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• Eligibility for down payment assistance programs is determined by such factors as loan amount, homebuyer status, borrower income, and family size. Assistance is available for many loan types including conventional, FHA, VA, and US Department of Agriculture (USDA) loans. The share of people eligible for assistance in select MSAs ranges from 30 to 52 percent, and the eligible borrowers could qualify for 3 to 12 programs with down payment assistance ranging from $2,000 to more than $30,000.

Because of the tight credit environment, many borrowers have been shut out of the market and have not been able to take advantage of low interest rates and affordable home prices. As the credit box opens, educating consumers about low–down payment mortgages and down payment assistance is critical to ensuring homeownership is available to more families. (V-VI, emphasis removed)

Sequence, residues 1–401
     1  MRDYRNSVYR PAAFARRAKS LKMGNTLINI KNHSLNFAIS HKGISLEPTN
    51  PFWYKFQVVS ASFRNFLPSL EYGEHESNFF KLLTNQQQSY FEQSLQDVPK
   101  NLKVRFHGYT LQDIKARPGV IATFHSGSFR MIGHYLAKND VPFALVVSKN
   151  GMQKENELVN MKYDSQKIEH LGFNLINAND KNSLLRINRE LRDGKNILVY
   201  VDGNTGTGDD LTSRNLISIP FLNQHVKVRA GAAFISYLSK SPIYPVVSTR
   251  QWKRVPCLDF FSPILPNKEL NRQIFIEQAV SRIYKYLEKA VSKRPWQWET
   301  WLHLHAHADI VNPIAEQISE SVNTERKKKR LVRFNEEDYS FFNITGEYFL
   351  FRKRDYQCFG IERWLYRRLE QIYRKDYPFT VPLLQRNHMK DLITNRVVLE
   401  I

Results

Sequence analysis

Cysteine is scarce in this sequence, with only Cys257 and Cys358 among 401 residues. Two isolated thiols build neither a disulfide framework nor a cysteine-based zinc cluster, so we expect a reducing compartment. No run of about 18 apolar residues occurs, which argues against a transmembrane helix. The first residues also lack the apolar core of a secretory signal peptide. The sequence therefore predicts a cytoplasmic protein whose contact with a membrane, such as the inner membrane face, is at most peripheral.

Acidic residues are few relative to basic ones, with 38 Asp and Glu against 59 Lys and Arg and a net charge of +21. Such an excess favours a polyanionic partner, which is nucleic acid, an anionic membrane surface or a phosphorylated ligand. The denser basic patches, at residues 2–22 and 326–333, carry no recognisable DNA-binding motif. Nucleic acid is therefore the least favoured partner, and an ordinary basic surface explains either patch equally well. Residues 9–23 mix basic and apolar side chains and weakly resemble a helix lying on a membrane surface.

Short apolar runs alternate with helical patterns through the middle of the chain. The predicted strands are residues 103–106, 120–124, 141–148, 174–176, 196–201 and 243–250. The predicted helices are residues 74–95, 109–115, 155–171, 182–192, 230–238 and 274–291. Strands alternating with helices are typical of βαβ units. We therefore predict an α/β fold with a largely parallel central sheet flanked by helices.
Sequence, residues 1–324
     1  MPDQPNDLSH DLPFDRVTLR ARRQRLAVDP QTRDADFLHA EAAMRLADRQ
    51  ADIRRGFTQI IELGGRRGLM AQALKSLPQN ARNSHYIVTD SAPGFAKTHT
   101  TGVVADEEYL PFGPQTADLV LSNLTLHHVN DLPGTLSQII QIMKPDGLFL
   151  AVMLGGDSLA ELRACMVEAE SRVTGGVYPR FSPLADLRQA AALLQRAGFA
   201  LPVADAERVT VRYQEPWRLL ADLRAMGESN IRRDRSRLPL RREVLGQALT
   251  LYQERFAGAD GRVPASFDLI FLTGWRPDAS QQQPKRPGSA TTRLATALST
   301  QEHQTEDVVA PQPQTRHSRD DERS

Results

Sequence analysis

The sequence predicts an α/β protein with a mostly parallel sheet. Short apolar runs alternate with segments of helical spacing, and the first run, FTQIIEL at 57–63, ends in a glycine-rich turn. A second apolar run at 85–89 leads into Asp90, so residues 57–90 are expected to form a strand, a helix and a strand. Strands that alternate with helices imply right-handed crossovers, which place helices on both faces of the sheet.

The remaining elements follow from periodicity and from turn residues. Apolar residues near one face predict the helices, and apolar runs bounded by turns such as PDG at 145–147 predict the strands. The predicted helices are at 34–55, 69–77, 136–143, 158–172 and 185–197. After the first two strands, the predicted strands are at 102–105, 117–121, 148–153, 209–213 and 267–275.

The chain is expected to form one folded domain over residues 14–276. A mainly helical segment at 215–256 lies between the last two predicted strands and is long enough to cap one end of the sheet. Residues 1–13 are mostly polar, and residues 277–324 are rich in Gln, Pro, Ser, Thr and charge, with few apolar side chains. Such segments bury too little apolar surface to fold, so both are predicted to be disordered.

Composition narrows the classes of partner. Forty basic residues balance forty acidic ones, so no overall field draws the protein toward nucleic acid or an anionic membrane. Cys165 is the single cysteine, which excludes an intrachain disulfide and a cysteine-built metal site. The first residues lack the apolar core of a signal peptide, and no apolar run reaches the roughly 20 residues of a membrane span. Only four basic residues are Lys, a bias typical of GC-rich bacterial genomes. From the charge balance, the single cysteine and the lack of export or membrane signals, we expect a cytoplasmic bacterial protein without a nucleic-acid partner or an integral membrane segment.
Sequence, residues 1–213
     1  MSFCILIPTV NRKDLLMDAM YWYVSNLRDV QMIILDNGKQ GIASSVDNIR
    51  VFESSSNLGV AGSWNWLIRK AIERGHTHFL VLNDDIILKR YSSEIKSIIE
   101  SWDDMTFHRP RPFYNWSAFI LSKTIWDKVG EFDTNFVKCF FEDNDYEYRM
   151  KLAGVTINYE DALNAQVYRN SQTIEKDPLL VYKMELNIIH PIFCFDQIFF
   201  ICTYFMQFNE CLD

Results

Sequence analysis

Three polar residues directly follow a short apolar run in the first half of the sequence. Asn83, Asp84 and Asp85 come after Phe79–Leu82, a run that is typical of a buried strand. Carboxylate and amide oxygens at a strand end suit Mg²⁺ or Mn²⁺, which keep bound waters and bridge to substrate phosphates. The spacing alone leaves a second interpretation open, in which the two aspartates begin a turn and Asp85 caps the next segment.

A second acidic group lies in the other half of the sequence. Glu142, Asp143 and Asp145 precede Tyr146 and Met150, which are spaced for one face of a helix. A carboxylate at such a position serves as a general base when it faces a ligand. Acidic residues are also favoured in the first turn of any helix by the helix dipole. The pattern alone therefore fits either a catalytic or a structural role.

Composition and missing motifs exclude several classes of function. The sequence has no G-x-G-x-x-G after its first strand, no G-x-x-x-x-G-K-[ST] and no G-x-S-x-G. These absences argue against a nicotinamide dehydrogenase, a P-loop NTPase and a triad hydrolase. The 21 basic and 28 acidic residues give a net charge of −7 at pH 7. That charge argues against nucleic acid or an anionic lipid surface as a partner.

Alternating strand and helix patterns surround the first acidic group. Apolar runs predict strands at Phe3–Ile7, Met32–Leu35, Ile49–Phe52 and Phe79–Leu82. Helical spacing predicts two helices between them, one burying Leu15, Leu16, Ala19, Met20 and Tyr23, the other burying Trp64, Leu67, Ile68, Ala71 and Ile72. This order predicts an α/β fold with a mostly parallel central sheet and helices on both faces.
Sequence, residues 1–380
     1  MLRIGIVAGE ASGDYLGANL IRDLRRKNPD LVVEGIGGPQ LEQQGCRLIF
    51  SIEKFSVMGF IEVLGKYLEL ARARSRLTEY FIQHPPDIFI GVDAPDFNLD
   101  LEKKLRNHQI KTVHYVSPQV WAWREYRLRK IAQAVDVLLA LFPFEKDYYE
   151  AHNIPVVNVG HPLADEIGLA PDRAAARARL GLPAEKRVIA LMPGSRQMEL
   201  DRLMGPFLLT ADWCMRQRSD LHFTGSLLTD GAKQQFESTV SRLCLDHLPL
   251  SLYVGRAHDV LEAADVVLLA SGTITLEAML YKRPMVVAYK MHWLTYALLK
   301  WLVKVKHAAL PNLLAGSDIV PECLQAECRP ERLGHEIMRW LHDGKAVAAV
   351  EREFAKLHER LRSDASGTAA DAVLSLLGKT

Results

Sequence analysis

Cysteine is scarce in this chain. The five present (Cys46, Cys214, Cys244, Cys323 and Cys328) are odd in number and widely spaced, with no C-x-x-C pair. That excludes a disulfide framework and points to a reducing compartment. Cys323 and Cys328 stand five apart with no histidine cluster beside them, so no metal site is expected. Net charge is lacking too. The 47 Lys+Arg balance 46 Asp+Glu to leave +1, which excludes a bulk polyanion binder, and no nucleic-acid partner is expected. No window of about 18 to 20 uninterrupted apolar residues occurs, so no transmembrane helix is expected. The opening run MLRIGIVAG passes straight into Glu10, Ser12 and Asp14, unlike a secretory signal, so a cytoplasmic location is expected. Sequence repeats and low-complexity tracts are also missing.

Dems Favor Land Use Reform

photo by DonkeyHotey

The Democratic Party has released its draft 2016 Policy Platform. Its housing platform follows in its entirety. I find the highlighted clause particularly intriguing and discuss it below.

Where Donald Trump rooted for the housing crisis, Democrats will continue to fight for those families who suffered the loss of their homes. We will help those who are working toward a path of financial stability and will put sustainable home ownership into the reach of more families. Democrats will also combat the affordable housing crisis and skyrocketing rents in many parts of the country that are leading too many families and workers to be pushed out of communities where they work.